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Chapter 2

Chapter 2 (After Midterm)

5 Pages
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Department
Statistics
Course Code
STAB22H3
Professor
Moras

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Chapter 2.3- 2.6
2.3 Regression
- explains the relationship between two variables only when one variable helps explain or
predicts the other
Regression line: a straight line which shows a response variable y changes as the explanatory x
varable changes
-Used to predict the value of y for a given value of x
2.12
Increase in energy use is an explanatory variable and fat gain is a response variable
Fitting a line = line of best fit
y = a + bx
-where b is the slope and a is the intercept (when x=0)
-b is the rate of change; as x changes by one unit, y changes by the slope value
-y = prediction where as y = actual observation
Extrapolation: use of the regression line for prediction far outside of the range of values
-not so accurate because cannot say whether the graph continues to increase or decrease or
whether the relationship remains linear at extreme values
Least-squares Regression
-y = a + bx
-method of fitting a line to a scatter plot
-it is not resistant to outliers
-a line that is close as possible to all the points in the vertical direction
-error = observed – predicted
-e > 0 when observed is greater than prediction and vice versa
-makes prediction errors as small as possible
-least-squares regression line of y on x is the line that makes the sum of the errors = 0
-sum of error: e1 +e2+e3 = 0
-sum of sq of errors = to the smallest value
To calculate (do not round values that are further used in calculations):
b = r (sy / sx)
a = meany – b(meanx)
Interpreting the regression
-when changing units, correlation does not change however the least-squares line does
change
-least sq regression line always passes through the point: (x mean, y mean)
-when mean = 0 and s = 1, the regression line passes through the origin and has a slope = r
www.notesolution.com
-correlation of r is the slope of the least sq regression line when in standardized unit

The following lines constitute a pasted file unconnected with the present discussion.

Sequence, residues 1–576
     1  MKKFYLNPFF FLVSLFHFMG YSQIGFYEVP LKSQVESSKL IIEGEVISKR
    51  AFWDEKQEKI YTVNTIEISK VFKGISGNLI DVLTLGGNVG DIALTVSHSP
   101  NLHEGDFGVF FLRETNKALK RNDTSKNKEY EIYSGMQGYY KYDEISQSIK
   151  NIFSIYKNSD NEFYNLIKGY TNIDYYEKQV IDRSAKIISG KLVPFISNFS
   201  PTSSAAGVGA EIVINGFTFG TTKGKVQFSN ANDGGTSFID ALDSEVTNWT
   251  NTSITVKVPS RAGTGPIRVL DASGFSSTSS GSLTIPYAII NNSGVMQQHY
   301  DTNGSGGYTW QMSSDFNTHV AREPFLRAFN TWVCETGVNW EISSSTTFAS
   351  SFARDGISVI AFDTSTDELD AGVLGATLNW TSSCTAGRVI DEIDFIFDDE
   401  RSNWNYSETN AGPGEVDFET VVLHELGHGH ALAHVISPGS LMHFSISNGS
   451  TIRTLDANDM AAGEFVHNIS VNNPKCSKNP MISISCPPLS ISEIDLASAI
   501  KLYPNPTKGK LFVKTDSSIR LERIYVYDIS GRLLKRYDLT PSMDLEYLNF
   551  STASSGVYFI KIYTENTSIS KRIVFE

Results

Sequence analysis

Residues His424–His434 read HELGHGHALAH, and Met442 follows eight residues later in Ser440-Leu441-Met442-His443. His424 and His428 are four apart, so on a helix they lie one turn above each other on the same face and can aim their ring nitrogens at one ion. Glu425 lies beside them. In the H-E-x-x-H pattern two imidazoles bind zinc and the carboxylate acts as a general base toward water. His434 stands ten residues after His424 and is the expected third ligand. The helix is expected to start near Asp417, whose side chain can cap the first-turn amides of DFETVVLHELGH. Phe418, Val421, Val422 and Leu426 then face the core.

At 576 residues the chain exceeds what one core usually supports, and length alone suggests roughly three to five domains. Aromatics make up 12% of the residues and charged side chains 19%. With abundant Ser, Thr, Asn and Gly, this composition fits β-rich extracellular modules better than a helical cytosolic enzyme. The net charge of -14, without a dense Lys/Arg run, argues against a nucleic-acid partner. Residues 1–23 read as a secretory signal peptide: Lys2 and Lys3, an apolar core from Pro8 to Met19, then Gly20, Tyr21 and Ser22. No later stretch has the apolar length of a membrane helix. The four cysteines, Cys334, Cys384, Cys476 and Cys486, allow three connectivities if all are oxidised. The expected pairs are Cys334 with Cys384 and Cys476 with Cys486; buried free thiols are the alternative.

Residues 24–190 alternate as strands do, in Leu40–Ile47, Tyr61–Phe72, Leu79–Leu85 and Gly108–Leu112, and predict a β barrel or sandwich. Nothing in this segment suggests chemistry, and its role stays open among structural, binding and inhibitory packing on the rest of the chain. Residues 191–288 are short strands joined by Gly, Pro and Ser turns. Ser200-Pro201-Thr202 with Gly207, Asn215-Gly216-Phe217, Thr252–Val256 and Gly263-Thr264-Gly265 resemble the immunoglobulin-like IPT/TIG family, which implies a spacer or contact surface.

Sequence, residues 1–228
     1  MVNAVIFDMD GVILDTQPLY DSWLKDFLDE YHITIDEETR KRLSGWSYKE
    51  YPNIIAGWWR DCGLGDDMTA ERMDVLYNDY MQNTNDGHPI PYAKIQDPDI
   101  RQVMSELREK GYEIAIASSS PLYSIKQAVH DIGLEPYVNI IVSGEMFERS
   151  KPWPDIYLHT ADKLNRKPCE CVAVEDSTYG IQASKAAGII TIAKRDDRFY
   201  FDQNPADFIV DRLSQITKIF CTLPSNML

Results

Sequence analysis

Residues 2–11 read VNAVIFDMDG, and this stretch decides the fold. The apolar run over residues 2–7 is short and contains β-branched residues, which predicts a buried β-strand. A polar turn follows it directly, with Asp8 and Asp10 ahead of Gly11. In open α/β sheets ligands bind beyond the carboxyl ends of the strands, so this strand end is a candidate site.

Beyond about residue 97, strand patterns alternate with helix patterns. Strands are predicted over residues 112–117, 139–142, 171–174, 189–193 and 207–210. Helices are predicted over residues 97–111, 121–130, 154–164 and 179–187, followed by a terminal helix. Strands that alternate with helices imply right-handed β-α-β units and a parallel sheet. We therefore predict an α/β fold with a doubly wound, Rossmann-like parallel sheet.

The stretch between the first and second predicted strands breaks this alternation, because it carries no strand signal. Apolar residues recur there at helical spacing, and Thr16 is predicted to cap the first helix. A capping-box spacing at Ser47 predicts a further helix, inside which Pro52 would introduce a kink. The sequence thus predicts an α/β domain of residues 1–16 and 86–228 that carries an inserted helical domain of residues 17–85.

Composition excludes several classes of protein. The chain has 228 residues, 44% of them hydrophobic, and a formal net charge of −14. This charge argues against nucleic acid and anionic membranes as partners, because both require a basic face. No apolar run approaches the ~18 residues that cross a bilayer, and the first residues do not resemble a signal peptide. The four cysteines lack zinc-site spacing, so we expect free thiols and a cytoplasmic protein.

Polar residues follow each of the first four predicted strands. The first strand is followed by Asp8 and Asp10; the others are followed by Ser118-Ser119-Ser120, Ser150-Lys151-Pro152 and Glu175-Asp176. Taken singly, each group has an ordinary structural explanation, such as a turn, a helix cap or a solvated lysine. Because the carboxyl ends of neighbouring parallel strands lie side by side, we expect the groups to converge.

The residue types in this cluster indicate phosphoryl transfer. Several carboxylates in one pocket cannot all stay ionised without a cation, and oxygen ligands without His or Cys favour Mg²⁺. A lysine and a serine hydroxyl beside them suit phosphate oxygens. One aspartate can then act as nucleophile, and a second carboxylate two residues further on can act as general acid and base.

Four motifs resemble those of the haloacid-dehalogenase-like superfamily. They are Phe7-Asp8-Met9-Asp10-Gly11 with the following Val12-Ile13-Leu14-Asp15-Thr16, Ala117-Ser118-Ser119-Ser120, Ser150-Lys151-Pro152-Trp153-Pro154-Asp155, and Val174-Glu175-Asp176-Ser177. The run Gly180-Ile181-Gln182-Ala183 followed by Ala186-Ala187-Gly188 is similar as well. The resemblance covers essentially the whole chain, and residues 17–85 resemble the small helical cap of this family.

-if b >0 then r >0
-R2 = (r)2 r = + sq root of R2
Correlation and regression
-correlation is the relationship between two quantitative variables whereas regression is the
relationship of explanatory and response
Square of correlation (r2): is the proportion of the variation in the y that is explained by x
-r2 as the measure of how successful the regression explains the response
ex: if r = +/-.7 r2 = .49 which is 50% of the variation is accounted for the linear
relationship
r = -/+1, r 2 = 1 which indicates that all the variation in one variable is accounted by the
linear relationship of the other variable
Another way to calculate r2
r2 = variance of predicted value y / variance of observed value y
Transforming relationships
2.18
- if relationship is not linear, take the logarithm to get a linear relationship
2.4 Cautions about correlation and regression
Residuals
-shows how far the data fall from the regression line
-observed y – predicted y(regression line)
-mean of the least sq residual is always ZERO
Residual Plot
-is a scatter plot of regression residual vs. explanatory variable
-if scatter plot with a regression line has a pattern then the residual plot should have NO
pattern in the residuals.
-If scatter plot is curved rather than linear, the residuals will follow a curve pattern
2.20
- regression line does not catch the important fact that the variability of field measurements
increases with defect depth increases
Outliers and Influential Observations
-When a point is within a range of a scatter plot, the residual is large
-Influential: a point that is outside the range and can make a huge difference to the
regression line when removed
-If influential has a small residual then the difference in regression line is small
-If the influential has a big residual then the difference in the regression line is huge
www.notesolution.com

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Description
Chapter 2.3- 2.6 2.3 Regression - explains the relationship between two variables only when one variable helps explain or predicts the other Regression line: a straight line which shows a response variable y changes as the explanatory x varable changes - Used to predict the value of y for a given value of x 2.12 Increase in energy use is an explanatory variable and fat gain is a response variable Fitting a line = line of best fit y = a + bx - where b is the slope and a is the intercept (when x=0) - b is the rate of change; as x changes by one unit, y changes by the slope value - y = prediction where as y = actual observation Extrapolation: use of the regression line for prediction far outside of the range of values - not so accurate because cannot say whether the graph continues to increase or decrease or whether the relationship remains linear at extreme values Least-squares Regression - y = a + bx - method of fitting a line to a scatter plot - it is not resistant to outliers - a line that is close as possible to all the points in the vertical direction - error = observed predicted - e > 0 when observed is greater than prediction and vice versa - makes prediction errors as small as possible - least-squares regression line of y on x is the line that makes the sum of the errors = 0 - sum of error: e1 +e2+e3 = 0 - sum of sq of errors = to the smallest value To calculate (do not round values that are further used in calculations): b = r (sy sx) a = mean yb(mean ) x Interpreting the regression - when changing units, correlation does not change however the least-squares line does change - least sq regression line always passes through the point: (x mean, y mean) - when mean = 0 and s = 1, the regression line passes through the origin and has a slope = r www.notesolution.com
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